During the interview, the investigators confronted Steve about the statements he made in the controlled call and he admitted to giving answers that could prove he had committed a crime. Nevertheless, after the interview, Steve left the Sheriff’s Office on his own and he just went home.

A few days later, Steve was arrested and arraigned in criminal court. Steve pleaded, “Not Guilty.”

Steve’s lawyer tried to have the taped phone call suppressed and the statements that he made to the investigators about the call suppressed. The lawyer argued that the controlled call was coercive police tactic because Rita was acting as an agent of the police. Also, the lawyer argued that the statements Steve made to the investigators at the Sheriff’s office should be suppressed because he was in custody and he was not read his Miranda rights.

How the Judge Ruled:

The judge ruled that the phone call was illegal because of the police involvement and that the statements made to the investigators at the station were disallowed because Steve was legally in custody and should have been read his rights. The predator would basically have very little proof against him. BUT HOLD ON! The prosecution immediately appealed.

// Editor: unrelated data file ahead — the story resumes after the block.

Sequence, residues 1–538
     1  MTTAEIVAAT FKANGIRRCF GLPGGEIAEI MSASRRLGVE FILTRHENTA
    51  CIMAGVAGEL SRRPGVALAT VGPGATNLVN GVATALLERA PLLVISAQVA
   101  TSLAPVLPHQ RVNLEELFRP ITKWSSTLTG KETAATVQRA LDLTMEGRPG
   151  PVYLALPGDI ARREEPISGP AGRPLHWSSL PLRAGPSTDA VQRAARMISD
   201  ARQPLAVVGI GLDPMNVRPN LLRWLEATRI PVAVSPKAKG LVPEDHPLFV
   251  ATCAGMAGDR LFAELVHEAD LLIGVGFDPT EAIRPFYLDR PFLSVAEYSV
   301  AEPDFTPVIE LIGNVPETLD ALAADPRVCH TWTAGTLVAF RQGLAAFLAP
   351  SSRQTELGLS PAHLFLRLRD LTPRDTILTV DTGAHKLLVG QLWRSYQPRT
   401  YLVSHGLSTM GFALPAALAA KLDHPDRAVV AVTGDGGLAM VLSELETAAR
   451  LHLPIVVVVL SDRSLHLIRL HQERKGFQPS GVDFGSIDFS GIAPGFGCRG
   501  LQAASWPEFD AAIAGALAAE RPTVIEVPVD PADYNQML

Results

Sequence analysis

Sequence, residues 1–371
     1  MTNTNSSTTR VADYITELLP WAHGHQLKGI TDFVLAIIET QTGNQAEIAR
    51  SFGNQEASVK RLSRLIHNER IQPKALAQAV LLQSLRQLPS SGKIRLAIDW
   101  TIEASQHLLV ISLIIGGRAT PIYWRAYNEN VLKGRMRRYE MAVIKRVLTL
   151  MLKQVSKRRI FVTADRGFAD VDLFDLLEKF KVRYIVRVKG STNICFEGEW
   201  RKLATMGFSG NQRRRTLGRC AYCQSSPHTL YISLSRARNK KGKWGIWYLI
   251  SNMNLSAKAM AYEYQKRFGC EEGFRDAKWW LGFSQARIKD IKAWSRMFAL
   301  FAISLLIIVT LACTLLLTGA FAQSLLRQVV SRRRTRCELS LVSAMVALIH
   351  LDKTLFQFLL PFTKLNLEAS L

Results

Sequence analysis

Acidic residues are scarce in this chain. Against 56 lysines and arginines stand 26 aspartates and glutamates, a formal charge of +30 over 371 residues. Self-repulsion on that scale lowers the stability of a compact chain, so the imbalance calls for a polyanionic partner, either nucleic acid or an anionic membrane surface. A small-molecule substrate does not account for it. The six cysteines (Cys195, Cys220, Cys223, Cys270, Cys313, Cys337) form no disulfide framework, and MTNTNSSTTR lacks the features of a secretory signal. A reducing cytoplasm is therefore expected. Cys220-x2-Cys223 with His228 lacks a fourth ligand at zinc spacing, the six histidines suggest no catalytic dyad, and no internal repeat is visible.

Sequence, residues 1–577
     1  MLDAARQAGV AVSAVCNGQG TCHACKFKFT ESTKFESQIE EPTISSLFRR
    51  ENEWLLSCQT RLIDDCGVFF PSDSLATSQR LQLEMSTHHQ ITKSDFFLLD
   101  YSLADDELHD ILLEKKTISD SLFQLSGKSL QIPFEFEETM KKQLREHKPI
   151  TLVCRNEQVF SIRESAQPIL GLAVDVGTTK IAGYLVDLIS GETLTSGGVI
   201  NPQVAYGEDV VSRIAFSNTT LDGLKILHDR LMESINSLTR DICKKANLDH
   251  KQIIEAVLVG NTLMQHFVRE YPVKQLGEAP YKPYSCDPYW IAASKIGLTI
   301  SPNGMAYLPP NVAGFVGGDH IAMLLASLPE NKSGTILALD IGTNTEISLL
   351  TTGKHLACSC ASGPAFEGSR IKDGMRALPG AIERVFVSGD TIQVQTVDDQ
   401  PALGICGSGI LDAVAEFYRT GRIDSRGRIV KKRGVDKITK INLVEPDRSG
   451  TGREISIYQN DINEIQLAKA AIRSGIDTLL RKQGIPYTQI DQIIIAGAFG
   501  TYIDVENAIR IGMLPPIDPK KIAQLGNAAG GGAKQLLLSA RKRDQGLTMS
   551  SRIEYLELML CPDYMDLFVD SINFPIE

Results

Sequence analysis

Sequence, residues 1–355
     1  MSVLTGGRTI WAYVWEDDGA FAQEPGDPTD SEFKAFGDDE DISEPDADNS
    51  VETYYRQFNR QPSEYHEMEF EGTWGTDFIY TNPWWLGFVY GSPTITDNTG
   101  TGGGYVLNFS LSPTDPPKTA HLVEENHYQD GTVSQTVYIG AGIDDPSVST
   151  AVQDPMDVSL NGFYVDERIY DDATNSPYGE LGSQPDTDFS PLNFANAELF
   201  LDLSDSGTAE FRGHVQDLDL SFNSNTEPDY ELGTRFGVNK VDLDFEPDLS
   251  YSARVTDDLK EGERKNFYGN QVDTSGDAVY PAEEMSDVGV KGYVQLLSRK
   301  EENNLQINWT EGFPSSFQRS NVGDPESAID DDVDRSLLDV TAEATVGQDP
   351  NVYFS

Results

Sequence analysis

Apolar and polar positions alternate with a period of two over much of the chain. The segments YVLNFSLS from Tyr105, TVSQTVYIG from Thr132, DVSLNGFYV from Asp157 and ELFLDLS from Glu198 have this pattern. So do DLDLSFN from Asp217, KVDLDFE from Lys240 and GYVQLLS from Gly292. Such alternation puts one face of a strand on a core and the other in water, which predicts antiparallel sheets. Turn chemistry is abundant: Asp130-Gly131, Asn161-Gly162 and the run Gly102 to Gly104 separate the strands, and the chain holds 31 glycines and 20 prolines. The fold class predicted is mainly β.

THE APPEAL:

The Taped Call

The appeals court ruled that the County Court was wrong in suppressing Steve’s statements made to Rita during the controlled telephone call that was recorded by the police. “Police may generally engage in deception while investigating a crime”, and “deceptive police stratagems in securing a statement need not result in involuntariness without some showing that the deception was so fundamentally unfair as to deny due process or that a promise or threat was made that could induce a false confession.”

Although the appeals court agreed that the mother was acting as an agent of the police when she made the controlled call, they concluded that Rita did not make a threat or a promise that would create a risk that Steve might falsely incriminate himself. Therefore, the controlled call did not constitute an unconstitutionally coercive police tactic.

Was Steve in Custody While at the Station?

The appeals court said, NO; Steve was not in “custody” when he was being interviewed at the station. Although the investigators confronted Steve with the statements that he made during the controlled call, the fact that the questioning may have turned accusatory in nature did not render the interview custodial given the other circumstances present in this case: came to station voluntarily; office door open; left on his own.

The standard for assessing a suspect’s custodial status is whether a reasonable person innocent of any wrongdoing would have believed that they were not free to leave. The test here is not what Steve thought, but rather what a reasonable person, innocent of any crime, would have thought had they been in Steve’s position.

In this case, although Steve’s interview occurred at the Sheriff’s Office, that fact does not necessarily mean that he is to be considered in custody.

Steve does NOT get off on a technicality. Rita and the Sheriff’s office get justice for Micah.


Here is the case:

http://www.courts.state.ny.us/reporter/3dseries/2019/2019_05264.htm